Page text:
Let’s put some context round these numbers. At 9-30-2016, Medallion Bank had $193mn in equity value using their current methodology for valuation.

Without the new method, that net worth would be $45mn lower or nearly 25%.

We have the curious situation of a bank whose principal loan asset class is fast deteriorating (medallion loans) but which is apparently increasing in value.


We doubt regulators want to face the prospect that Medallion Bank might be headed to the knackers yard, and that action might be necessary.

Nonetheless, we hear from the filing that the regulators are in the building as we write this:

As a regulated entity, Medallion Bank is subject to periodic routine examination from its regulators. Medallion Bank is currently undergoing such an examination, [emphasis added] and while the final results of the examination are unknown at this time, it is possible that the regulators could require additional loan loss reserves or other financial adjustments at the Bank. While this would be, if it occurs at all, a subsequent event to our current regulatory filings, it is possible that the regulators could require the Bank to record any adjustment as a restatement of the Bank’s previously filed regulatory reports, resulting in certain of the supplemental Medallion Bank disclosures in this Form 10-Q to differ from the adjusted numbers…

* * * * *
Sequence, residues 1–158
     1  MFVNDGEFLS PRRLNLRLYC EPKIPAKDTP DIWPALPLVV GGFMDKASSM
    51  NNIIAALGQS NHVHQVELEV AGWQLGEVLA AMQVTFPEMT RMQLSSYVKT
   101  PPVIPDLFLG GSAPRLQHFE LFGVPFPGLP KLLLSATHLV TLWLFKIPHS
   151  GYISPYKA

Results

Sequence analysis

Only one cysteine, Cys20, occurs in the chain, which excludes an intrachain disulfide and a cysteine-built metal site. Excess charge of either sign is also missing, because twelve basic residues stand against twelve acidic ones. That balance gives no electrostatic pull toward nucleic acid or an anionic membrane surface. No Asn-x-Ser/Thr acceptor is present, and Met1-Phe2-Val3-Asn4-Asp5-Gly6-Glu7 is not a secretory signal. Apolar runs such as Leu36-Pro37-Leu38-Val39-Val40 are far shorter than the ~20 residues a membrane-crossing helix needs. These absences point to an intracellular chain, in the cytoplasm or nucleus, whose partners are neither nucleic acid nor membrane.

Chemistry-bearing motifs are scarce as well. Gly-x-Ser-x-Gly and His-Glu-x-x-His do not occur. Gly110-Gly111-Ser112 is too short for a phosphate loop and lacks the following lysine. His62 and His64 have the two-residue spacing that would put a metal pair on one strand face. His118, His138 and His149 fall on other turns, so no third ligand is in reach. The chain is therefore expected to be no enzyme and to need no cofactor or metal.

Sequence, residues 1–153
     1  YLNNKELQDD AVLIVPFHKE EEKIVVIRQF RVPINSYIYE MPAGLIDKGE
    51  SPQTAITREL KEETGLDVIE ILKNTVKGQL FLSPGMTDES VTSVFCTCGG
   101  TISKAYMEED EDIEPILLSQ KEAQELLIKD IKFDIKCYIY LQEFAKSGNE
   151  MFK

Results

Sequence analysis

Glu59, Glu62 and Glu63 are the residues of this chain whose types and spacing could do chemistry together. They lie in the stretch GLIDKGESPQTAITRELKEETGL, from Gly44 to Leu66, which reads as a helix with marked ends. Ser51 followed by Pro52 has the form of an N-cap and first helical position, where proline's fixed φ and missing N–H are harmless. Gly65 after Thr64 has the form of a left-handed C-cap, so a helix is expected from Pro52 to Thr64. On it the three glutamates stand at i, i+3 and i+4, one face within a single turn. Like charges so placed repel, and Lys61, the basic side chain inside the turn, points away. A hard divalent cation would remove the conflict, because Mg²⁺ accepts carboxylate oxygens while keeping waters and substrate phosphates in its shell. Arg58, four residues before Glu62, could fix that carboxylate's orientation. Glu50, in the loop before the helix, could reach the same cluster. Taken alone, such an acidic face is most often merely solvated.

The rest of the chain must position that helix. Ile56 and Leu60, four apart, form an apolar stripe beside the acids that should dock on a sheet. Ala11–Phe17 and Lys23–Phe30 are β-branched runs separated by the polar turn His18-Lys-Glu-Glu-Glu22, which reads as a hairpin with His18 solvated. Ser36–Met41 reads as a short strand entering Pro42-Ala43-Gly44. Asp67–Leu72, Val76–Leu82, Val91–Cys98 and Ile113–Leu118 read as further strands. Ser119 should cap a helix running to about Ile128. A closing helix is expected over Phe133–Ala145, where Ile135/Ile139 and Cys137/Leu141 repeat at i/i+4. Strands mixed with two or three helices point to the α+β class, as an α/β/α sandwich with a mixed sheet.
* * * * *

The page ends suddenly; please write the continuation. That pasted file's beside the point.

Unfortunately, MFIN’s long standing strategy of being a one industry specialist is coming back to bite and is limiting its options to deal with capital problems that might occur at the Bank. This is spelled out in the 10-Q:

The Company did not satisfy the requirement that no more than 30% of its total assets be comprised of non-qualifying assets, and is currently not permitted to acquire any non-qualifying assets. The Company is therefore unable to make any investments in non-qualifying assets, including follow-on investments in Medallion Bank…The Company would also not be able to support Medallion Bank’s capital requirements, if any, and Medallion Bank may also not be able to grow as quickly because the Company is precluded from providing additional funding to Medallion Bank.


That’s just a quick selection of the disturbing items we identified in the 10-Q. Other worries include other regulatory issues at an SBIC, possible defaults with lenders, debt obligations coming due in the next couple of years and on and on. Management may yet find a way out of these multiple challenges (although just stopping being a BDC-as the Company has been forewarning- by itself is only a minor move forward). We get the impression this situation could accelerate towards a conclusion of some kind sooner rather than later as none of the catalysts that have caused MFIN’s troubles are going away. However, for investors who will always be the last to know, an investment in MFIN is only for someone with nerves of steel. Certainly we are “staying away in droves”.

Full Disclosure

We have no position in MFIN or the Unsecured Notes with the ticker MFINL. However, we did sell our position in the latter following our review of the 10-Q. Management may yet succeed but with the bulk of the value of MFIN in its subsidiary bank (which may or might not be effectively insolvent) and substantial secured debt needing to be paid out before the Notes at the holdings company level just when many assets are questionable, the risk was not worth taking.